Five Ways to Practice Setu Bandha Sarvangasana (Bridge Pose) by Mary Pat FitzPatrick - Mind Body Solutions
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Pose of the Month

Five Ways to Practice Setu Bandha Sarvangasana (Bridge Pose) by Mary Pat FitzPatrick


setu = bridge
bandha = lock
sarva = all
anga = limb
asana = pose

Linking these Sanskrit words translates into “construction of a bridge”, thus the name Bridge Pose. This versatile backbend has many variations which reveal diverse effects in the body. The pose may energize and empower or may restore and reduce stress and strain. Just a few of the many benefits of the pose may include: improved flexibility in the spine and shoulders, strengthening the back, improved lung capacity, reduction of blood pressure, energizing the mind and stress reduction.

In recognition of the FIFTH year of our Kiss My Asana Yogathon starting April 1, we will explore five variations of Setu Bandha Sarvangasana. The KMA Yogathon presents a great opportunity to explore poses many ways, noticing the wondrous effects in your body. Check out the slideshow below to see members of the MBS tribe demonstrate five different ways to practice this pose.


Here we see Jeff expanding with reference. Start with feet firmly grounded. You may have an assistant guiding internal rotation of thighs. Length of back and sacrum supported by criss-crossed bolsters. Horizontal folded blanket pressing bottom edge of shoulder blades into the body. Arms extended with palms of hands firmly grounded on blocks. Head supported on blankets. Long, arched bridge-like entire front body. Broad and open heart and chest.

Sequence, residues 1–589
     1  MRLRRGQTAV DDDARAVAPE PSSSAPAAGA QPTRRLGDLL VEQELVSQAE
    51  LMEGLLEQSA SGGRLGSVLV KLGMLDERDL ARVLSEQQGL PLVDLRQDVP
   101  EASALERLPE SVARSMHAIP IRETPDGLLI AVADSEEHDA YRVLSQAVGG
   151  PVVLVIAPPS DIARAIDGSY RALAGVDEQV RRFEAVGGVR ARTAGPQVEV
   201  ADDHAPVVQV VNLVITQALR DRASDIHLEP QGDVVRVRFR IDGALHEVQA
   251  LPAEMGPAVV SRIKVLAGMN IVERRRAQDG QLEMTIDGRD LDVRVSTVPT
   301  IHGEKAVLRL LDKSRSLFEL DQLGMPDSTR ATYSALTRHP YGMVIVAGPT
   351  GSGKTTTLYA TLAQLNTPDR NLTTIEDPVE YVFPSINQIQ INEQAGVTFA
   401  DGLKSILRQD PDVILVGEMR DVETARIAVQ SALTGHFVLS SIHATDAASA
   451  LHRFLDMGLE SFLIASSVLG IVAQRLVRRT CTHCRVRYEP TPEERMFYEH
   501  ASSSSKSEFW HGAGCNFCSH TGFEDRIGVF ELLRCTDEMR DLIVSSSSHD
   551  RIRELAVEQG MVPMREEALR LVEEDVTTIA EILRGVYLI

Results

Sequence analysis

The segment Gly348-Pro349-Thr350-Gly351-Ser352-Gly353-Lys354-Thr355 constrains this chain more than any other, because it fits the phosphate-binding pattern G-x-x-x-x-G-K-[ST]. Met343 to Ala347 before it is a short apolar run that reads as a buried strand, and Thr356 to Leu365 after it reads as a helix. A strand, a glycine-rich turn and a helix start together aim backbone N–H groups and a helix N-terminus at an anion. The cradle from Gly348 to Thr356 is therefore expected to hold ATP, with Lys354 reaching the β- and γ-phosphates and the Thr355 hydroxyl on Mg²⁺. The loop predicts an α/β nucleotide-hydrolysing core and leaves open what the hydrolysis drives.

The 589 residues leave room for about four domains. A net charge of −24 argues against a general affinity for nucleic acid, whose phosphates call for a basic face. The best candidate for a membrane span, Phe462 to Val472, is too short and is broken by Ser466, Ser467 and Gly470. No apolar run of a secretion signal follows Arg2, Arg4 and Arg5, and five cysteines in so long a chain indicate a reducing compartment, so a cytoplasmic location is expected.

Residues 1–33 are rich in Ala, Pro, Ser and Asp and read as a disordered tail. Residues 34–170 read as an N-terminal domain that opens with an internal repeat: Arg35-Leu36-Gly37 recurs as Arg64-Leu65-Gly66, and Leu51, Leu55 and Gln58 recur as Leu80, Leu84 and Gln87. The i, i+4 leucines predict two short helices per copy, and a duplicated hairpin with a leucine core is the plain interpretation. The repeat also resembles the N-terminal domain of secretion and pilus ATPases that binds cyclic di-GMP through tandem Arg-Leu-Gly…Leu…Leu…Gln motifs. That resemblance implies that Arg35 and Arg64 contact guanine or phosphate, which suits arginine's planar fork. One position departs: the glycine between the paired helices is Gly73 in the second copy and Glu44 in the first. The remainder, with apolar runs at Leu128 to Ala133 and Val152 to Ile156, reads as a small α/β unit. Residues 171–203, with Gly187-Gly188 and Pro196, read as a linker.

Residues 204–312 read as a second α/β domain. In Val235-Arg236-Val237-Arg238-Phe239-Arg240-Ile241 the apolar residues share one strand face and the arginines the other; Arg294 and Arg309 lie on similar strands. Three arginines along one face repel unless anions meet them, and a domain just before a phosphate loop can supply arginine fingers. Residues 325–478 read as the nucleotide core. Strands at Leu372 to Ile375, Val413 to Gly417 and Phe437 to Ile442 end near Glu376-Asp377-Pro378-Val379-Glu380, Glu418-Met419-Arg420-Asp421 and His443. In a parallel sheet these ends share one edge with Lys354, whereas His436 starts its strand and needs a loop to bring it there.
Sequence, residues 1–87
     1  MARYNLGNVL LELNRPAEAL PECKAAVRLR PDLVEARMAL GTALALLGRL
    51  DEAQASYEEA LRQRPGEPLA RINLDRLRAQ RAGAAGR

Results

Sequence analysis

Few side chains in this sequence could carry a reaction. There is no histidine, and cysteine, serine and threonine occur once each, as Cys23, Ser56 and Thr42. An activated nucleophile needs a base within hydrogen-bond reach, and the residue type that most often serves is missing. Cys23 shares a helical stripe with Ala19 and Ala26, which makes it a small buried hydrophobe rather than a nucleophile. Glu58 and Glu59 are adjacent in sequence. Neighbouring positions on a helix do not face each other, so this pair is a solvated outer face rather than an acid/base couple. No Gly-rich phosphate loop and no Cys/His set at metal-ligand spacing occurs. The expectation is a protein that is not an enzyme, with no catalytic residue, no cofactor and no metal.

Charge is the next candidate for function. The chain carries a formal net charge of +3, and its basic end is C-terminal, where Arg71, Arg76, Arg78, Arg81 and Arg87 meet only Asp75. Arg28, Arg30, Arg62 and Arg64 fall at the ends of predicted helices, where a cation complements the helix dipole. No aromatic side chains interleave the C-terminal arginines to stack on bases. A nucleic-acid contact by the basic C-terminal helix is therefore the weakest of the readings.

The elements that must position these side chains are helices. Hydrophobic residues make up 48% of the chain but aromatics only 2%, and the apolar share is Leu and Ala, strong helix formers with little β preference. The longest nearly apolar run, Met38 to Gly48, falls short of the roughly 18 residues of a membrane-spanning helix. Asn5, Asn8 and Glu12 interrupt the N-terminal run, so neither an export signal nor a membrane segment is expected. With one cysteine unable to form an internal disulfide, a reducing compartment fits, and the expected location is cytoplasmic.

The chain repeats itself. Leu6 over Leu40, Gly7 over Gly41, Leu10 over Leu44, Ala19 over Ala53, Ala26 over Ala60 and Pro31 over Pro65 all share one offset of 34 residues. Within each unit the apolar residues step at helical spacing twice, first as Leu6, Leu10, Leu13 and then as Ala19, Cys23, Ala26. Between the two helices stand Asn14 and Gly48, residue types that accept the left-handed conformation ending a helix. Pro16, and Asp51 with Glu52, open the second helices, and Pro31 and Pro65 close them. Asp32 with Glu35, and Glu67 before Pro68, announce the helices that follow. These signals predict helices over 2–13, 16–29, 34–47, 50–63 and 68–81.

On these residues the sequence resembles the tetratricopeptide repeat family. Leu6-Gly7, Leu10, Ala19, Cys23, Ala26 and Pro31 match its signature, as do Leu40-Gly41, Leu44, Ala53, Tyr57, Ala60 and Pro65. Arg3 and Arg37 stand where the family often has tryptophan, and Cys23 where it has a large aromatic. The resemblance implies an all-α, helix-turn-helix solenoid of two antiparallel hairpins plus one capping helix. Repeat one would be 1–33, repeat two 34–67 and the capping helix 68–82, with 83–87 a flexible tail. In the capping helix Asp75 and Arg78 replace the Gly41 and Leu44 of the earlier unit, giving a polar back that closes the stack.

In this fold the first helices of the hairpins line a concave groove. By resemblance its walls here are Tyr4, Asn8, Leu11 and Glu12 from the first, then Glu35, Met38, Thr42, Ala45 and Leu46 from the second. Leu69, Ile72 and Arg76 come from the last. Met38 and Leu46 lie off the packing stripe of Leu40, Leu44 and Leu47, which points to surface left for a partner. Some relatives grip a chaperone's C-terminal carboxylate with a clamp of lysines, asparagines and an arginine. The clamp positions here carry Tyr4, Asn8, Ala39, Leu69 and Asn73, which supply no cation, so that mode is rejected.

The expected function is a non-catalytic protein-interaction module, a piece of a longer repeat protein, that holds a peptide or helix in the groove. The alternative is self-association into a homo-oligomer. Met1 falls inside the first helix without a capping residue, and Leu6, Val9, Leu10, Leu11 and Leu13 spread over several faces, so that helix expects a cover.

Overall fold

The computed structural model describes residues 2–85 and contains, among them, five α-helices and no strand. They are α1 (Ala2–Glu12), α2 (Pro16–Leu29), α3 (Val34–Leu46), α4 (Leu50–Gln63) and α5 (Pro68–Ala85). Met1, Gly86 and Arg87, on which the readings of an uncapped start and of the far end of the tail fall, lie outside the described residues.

In this version, Joann simultaneously allows the pose to settle and stimulate. Feet, sacrum, head, shoulders and arms grounded on floor and bolster. Length through the hip flexors and internally rotated thighs. Tailbone extended toward the back of the knees. Space created throughout abdominal area and back of the neck, stimulating abdominal organs, lungs, and thyroid. Tops of shoulders rolling towards the floor as arms pressing down, shoulder blades pressing up into the back, helping create a lifted sternum. Strength and length allow for invigoration and ease through the back and front body.


Ahh.... look at beautiful Amy restoring. Lie down centered on some sort of lift, blankets or maybe two end to end bolsters. Relax your head, shoulders, and arms on the floor. The edge of the lift presses into the tips of the shoulder blades, opening the chest, rolling the tops of the shoulders down. The neck is long and face is soft. Straps around the thighs and calves give a feeling of reference and relief, supporting the legs and allowing them to be free of tension and movement. With the head below the heart, one may experience a slower heart rate. Breath becomes deep and full, and blood pressure may lower. The brain calms.


Xi uses the pose to energize with effort and ease. His feet are placed firmly on floor, close to sit bones with knees bent. Pelvis lifted, lengthening through hip flexors. Sacrum may be on a block or lifted away from the floor. Push the knees away from hips, lengthening the tailbone towards the back of the knees. Actively internally rotate thighs. Hamstrings and buttocks engage. Extend through the arms, staying on top of the shoulders. Lift chin slightly away from the sternum. Relax neck and face. Breathe.


Together, Dave and Kathy create space. Dave begins centered in chair, feet and sit bones grounded and sternum lifted. Narrow, horizontal blanket folded across shoulder blades. Ground down to extend up, beyond the top of the head. With dowel in hand, inhale arms up to Urdhva Hastasana (arms above head pose) broadening and expanding around the chest. Continue extending and externally rotating arms up and back into a slight backbend. Space is created for the abdominal organs to release away from one another, intercostal muscles spreading out. Option- partner assists, gently lifting dowel and giving a reference at shoulder, and/or sacrum with knee or hip.